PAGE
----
Springer Online Journal Archives 1860-2000
Abstract The objective of the present work is to establish that electron transfer occurs at a biosurface in contact with an ionic solution. For this purpose, electrical contact between evaporated films of metals and metal oxides and the membrane (dipalmitoylphosphatidylcholine alone or containing gramicidin) was made by use of a Langmuir-Blodgett trough technique. Three or five layers of lipid were thus formed on the metal substrate (gold, platinum, or tin dioxide); electronic connection was made to the latter but contact to the solution was via the membrane. A solution containing redox ions (p-benzoquinone-hydroquinone system) was used to make an interface with the membrane. Experiments were particularly designed to guard against the possibility that electrons would reach the quinone via unintended contact of the solution with the underlying metal via pinholes in the membrane, and in diffusion through the membrane. Thus, experiments were made with the biolipid alone, and then with the biolipid-gramicide mixture. Behavior of these two systems differed radically in that the biolipid alone showed time dependence in its behavior and after a few minutes behaved as though it presented only a permeable barrier between the ionic solution and the underlying metal (so that electron transfer occurred to the ions in solution from the metal or metal oxide). However, the biolipid-gramicidin behaved radically differently in that electrical currents measured in its presence did not change with time. Underpotential deposition on the biolipid-gramicidin differed from that on the biolipid alone; the latter showed anodic stripping peaks equal to those of the metal substrate, but on the former, the peaks were decisively shifted. Tafel lines for Q+2H++2e→QH2 in the presence of the biolipid membrane at least a few minutes old were essentially the same as on the Au, Pt, and SnO2, respectively, underlying the membrane (hence it is permeable to ions from solution). However, measured Tafel lines for the same reaction and electrode system, except for the fact that gramicidin was mixed with the biolipid, were independent of the age of the membrane and differed from those obtained on the metallic underlay. Hence, electron transfer to the quinone occurs at the gramicidin-solution interface.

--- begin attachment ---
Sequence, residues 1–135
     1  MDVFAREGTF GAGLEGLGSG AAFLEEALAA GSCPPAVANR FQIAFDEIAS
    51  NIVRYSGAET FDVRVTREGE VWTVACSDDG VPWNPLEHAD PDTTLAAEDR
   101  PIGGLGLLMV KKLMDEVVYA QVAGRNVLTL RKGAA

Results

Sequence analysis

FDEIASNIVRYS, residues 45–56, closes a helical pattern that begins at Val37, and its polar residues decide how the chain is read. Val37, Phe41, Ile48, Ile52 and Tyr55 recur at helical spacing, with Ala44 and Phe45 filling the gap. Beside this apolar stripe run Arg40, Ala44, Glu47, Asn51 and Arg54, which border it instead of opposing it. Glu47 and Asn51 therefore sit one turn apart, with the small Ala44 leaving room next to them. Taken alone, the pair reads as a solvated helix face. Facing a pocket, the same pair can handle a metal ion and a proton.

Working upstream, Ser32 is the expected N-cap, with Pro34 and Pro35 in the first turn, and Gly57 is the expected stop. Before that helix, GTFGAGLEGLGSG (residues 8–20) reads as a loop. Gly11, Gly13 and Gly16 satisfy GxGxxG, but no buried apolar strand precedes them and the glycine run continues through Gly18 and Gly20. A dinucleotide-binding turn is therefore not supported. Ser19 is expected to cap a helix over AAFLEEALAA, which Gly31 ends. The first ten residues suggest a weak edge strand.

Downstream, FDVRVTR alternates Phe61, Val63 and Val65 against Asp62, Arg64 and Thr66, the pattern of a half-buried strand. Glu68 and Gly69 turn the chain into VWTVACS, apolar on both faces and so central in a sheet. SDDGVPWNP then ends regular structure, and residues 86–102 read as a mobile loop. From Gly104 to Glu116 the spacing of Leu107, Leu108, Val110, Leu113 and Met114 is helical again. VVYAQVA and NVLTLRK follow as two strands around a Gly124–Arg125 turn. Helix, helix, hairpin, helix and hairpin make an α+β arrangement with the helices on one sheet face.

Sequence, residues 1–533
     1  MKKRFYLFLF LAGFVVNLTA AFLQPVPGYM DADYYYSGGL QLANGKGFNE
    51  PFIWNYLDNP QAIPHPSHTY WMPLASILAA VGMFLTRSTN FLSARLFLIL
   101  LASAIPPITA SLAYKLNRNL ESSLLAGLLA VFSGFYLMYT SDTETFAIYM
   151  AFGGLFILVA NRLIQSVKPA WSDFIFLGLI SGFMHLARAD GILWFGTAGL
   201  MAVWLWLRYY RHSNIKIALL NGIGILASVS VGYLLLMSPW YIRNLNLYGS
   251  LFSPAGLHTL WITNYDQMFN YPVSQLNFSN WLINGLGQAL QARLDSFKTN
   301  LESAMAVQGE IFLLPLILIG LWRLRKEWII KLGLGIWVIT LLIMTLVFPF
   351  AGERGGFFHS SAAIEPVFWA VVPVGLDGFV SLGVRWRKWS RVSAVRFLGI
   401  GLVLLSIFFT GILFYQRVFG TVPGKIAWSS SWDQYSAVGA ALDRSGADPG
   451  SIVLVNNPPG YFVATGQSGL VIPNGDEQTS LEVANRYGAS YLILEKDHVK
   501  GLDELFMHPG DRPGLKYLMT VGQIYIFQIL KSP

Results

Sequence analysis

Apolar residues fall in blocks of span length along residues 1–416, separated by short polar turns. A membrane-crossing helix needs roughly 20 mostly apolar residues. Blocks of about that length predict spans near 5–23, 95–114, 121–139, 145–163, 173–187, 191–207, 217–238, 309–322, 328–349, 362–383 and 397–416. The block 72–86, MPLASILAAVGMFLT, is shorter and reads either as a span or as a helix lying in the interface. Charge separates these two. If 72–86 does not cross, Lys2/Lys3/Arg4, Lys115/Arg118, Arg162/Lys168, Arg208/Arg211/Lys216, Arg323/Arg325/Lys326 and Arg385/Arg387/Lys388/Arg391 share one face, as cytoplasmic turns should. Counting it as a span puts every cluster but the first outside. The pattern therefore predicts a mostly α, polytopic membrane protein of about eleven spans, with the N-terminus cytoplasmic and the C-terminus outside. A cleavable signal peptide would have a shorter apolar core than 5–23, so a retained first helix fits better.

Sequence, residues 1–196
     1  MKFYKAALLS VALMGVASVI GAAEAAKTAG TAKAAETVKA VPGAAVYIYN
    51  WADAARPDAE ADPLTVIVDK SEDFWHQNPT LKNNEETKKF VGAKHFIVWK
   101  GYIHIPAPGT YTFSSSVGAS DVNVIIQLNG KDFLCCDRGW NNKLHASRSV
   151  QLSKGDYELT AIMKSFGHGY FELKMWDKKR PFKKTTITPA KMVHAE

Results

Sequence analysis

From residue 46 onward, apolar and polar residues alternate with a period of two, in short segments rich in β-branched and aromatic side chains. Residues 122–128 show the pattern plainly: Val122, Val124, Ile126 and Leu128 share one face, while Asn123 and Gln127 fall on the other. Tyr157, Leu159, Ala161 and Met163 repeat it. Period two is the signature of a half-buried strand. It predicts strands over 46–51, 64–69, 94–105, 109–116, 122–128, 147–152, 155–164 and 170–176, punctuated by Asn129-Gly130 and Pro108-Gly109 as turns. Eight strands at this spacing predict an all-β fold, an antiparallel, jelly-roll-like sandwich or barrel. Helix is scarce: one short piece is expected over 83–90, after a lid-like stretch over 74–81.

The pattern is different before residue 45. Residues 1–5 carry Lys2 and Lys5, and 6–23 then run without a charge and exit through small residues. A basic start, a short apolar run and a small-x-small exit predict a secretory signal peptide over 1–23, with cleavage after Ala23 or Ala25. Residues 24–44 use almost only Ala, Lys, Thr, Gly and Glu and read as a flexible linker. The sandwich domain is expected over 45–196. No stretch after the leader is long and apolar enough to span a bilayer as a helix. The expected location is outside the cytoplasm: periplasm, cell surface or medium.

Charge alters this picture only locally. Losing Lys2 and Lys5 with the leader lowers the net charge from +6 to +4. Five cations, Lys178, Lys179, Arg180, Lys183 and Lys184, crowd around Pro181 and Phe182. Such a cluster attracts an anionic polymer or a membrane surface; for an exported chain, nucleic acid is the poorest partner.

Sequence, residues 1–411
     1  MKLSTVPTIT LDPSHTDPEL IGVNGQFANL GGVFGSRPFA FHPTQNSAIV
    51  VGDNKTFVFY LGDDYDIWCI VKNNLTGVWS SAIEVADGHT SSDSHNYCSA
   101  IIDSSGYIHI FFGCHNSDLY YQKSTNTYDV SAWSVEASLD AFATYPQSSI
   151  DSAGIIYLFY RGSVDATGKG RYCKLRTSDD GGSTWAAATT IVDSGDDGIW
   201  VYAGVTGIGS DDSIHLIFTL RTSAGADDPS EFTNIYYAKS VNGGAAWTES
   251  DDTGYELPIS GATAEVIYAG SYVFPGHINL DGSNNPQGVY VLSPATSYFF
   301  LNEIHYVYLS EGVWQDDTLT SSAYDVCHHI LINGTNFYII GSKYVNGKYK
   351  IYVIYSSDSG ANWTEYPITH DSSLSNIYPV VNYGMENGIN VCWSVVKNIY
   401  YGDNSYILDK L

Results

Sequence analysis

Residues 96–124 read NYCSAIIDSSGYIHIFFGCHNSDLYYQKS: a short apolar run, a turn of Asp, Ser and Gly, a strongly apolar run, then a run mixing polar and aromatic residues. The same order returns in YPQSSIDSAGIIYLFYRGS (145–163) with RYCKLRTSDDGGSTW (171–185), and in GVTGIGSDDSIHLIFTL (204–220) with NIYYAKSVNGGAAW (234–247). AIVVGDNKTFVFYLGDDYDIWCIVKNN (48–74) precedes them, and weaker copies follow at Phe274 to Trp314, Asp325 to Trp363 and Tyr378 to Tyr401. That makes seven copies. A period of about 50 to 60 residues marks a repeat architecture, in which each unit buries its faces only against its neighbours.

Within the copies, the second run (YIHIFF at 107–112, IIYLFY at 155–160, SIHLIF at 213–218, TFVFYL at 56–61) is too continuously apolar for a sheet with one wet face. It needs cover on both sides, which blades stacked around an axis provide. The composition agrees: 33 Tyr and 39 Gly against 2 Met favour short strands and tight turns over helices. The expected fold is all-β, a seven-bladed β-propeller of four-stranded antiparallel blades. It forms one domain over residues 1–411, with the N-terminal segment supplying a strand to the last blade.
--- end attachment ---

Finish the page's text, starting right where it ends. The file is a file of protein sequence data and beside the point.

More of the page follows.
Type of Medium: